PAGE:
Slowly, a great white shark swims toward the boat and onto a specialized hydraulic lift. Lured in by bait, the shark’s mouth is hooked, and it is encouraged to swim to the boat like “teaching a dog to walk on a leash,” says Bob Hueter, the chief scientist at OCEARCH, a nonprofit that specializes in shark tracking.
Once the shark is lifted onto the boat, "it's like a pit crew in an auto race," Hueter says. One scientist ventilates the shark by putting a hose of cool seawater into its mouth, while another attaches a tail rope to prevent the animal from hurting itself. In about 15 minutes, the research team performs about a dozen procedures, including measuring the shark, running ultrasound scans, and taking blood, muscle, semen, and fecal samples for various research projects.
The work is part of OCEARCH’s efforts to study great whites in the western North Atlantic, a less well-researched population than others around the world. "Here we are at the location of Jaws, and yet we didn't really know the animals as well as we should," Hueter says.
Two juvenile great whites tagged in this way, Simon and Jekyll, recently became famous thanks to a social media post that pointed out the pair had been traveling together for 4,000 miles up the North American Atlantic coast. People began to wonder if the sharks might be friends—but the situation is not so simple.
“Friendship implies an emotional connection. That's not what this is about,” says Yannis Papastamatiou, a biologist at Florida International University who is not involved in the project. “Sharks don't form any emotional bonds with each other. Most animals don't.”
These sharks may not be “friends,” but there are no previous records of two sharks traveling together for such a long period, leading scientists to wonder what this could reveal about the mysteries of shark migration.
The strange case of Simon and Jekyll
The two juvenile males—each between 10 and 15 years old and over eight feet long—were first tagged off the coast of Georgia in December 2022. The tags transmit data via satellite when one of the sharks surfaces, allowing researchers and the public to follow the animals’ movements online in real-time.
In the spring, sharks migrate to summer foraging grounds. Salvador Jorgensen, a marine ecologist at California State University, explains that the sharks he studies in the eastern Pacific travel to and from “the white shark cafe”—a remote spot in the Pacific Ocean between Baja California and Hawaii with plentiful fish and squid—at slightly different times. “Many males execute very similar migratory routes and cycles, but travel separately,” Jorgensen says.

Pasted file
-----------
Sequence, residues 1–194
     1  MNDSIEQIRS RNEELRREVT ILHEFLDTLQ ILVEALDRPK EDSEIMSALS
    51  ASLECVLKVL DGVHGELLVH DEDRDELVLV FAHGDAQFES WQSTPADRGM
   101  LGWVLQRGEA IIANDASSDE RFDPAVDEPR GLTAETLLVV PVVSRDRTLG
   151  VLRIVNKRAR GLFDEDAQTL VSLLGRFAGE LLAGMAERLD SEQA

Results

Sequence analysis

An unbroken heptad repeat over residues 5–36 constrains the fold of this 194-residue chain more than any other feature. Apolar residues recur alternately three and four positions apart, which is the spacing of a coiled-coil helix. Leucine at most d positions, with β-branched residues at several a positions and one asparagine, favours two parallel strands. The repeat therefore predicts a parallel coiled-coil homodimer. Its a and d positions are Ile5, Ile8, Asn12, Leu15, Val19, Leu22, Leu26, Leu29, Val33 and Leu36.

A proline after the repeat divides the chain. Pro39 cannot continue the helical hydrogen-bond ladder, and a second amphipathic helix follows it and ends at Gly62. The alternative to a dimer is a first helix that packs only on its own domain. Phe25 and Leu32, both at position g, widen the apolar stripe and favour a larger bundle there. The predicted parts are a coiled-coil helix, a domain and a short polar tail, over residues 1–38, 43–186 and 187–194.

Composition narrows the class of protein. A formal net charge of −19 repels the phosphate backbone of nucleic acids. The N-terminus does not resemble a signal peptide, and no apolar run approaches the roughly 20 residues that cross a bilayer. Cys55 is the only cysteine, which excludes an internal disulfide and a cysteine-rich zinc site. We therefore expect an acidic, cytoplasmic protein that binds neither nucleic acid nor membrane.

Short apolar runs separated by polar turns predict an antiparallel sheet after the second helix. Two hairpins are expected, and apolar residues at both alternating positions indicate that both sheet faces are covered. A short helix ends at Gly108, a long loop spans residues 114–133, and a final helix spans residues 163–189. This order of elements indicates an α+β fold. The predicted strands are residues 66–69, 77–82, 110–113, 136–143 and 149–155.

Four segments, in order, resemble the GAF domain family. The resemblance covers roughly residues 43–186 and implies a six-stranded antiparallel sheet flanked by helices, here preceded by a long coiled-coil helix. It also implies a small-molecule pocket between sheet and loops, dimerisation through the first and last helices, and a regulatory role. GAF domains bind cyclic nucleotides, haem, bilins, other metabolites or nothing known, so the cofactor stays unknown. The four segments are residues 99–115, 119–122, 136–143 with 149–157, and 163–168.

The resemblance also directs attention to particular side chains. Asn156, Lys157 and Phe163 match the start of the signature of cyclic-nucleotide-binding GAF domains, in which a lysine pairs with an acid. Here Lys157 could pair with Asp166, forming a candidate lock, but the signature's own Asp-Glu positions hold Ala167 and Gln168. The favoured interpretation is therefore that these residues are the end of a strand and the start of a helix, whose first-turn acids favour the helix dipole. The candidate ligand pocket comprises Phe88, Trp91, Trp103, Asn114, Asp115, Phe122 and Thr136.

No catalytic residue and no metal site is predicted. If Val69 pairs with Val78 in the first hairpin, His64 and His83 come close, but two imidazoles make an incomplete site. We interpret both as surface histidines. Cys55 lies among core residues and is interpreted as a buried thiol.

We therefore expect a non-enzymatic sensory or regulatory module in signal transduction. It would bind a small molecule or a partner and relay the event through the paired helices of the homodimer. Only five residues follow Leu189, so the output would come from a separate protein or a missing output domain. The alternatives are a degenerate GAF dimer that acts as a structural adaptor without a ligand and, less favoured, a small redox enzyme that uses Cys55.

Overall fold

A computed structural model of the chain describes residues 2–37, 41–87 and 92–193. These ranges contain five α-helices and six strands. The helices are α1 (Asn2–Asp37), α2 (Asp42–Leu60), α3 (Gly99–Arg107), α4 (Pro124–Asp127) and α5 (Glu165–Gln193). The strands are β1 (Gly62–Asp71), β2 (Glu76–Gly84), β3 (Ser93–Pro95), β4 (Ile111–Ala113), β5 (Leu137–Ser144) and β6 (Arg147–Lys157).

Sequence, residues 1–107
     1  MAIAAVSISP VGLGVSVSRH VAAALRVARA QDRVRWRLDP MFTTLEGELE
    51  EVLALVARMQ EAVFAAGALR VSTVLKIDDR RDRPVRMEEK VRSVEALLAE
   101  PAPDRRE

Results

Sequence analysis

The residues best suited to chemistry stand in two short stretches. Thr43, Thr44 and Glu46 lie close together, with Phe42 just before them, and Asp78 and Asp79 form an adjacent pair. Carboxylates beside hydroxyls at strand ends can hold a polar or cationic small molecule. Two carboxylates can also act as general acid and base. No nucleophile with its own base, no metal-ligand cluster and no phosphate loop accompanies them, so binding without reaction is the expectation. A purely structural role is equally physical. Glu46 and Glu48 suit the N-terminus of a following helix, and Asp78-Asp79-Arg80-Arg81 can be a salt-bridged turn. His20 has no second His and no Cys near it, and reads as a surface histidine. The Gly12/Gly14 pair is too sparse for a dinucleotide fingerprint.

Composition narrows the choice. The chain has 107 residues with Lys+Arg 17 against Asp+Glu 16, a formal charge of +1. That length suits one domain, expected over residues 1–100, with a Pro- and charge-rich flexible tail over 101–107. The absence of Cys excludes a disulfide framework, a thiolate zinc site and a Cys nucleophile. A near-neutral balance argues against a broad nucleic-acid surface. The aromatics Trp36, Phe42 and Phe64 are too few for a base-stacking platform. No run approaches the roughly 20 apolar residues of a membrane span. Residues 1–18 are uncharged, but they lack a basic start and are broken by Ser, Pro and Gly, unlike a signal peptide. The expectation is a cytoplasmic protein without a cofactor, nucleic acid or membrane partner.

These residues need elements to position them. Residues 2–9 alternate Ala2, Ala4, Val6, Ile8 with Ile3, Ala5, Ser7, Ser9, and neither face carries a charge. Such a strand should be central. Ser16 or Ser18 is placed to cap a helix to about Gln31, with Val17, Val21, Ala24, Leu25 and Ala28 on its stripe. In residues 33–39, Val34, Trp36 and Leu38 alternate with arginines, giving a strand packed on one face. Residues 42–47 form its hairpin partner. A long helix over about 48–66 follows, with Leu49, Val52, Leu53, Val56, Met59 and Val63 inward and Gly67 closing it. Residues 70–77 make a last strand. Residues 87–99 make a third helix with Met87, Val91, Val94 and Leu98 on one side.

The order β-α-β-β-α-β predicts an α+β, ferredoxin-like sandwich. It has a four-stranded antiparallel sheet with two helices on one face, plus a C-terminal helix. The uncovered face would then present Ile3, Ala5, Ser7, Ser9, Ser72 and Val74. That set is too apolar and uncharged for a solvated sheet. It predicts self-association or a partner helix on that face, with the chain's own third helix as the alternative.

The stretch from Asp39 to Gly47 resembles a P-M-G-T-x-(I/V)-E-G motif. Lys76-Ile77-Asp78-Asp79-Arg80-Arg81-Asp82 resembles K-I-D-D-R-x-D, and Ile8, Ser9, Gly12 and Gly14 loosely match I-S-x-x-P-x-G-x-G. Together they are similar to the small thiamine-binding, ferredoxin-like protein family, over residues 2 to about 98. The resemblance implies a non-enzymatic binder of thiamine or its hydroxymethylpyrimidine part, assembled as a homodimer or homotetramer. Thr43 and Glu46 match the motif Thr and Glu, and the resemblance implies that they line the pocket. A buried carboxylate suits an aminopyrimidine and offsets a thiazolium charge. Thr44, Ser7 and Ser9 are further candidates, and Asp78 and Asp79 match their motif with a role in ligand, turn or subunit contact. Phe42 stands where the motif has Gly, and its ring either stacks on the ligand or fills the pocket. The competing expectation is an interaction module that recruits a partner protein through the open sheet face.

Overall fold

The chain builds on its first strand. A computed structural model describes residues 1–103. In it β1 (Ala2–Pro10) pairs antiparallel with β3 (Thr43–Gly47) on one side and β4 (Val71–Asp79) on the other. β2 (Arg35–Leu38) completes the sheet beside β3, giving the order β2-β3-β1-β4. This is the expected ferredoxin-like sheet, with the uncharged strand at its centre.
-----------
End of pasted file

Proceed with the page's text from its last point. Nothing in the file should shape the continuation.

When Simon and Jekyll reached Long Island, researchers noticed their tracks were remarkably similar. Then they arrived in Novia Scotia "within practically the same day,” says Hueter—odd behavior for great whites. “We sat up and said: What's going on here?"
Although this was a one-time event, such a similar route for the two sharks over a long time and distance is significant. “It's not like you're just taking one quick snapshot,” Papastamatiou explains. “If you were driving your car, and another car was 200 meters behind you all the way from Florida to New York, you're traveling together.”
Great whites are traditionally viewed as solitary, but researchers believe they may display some social behaviors like other shark species.
Because fish don’t display obvious caring behaviors, such as grooming or looking after young, researchers determine social bonds by measuring whether individuals spend more time together than they would by chance. One study found the associations formed by white sharks are not coincidence, while another found that they may remain close while hunting to benefit from food scraps after a kill.
“Surprisingly, we see more and more that white sharks might fit into that social category,” Papastamatiou says. If something similar were happening with Simon and Jekyll, “this would be the first time we would have evidence of [white sharks] actually traveling to these sites together.”
Jorgensen thinks there may be other reasons the pair followed the same route. “Are these two sharks following similar environmental cues and instinctual impulses, which could lead to parallel movements?” he wonders.
Heuter explains that sharks are guided by factors such as seawater temperatures, the amount of light each day, and the location of hotspots for certain kinds of prey. They’ve also traveled these routes before, “so they know the road,” he says.
Another possibility remains. The researchers are currently running genetic tests to find out whether Simon and Jekyll are related.
“If I was a betting man, the smart money would be that they're not siblings, that this is just a very unusually synchronized, almost coincidental juxtaposition of these animals as they follow the normal run to the north,” Heuter says.
However, if the results do reveal Simon and Jekyll are brothers, it could “revolutionize the perspective on sibling relationships in these animals,” he adds. “This really makes us stop and think about the genetic basis of these migratory movements.”
Even if they are related, the sharks may not necessarily be traveling together. They could both simply be following similar instincts. “More closely related individuals might have greater similarity in their innate migratory clock and compass,” suggests Jorgensen.
Whether or not Simon and Jekyll are intentionally sticking together, their common route is revealing new secrets of how these apex predators prowl the seas.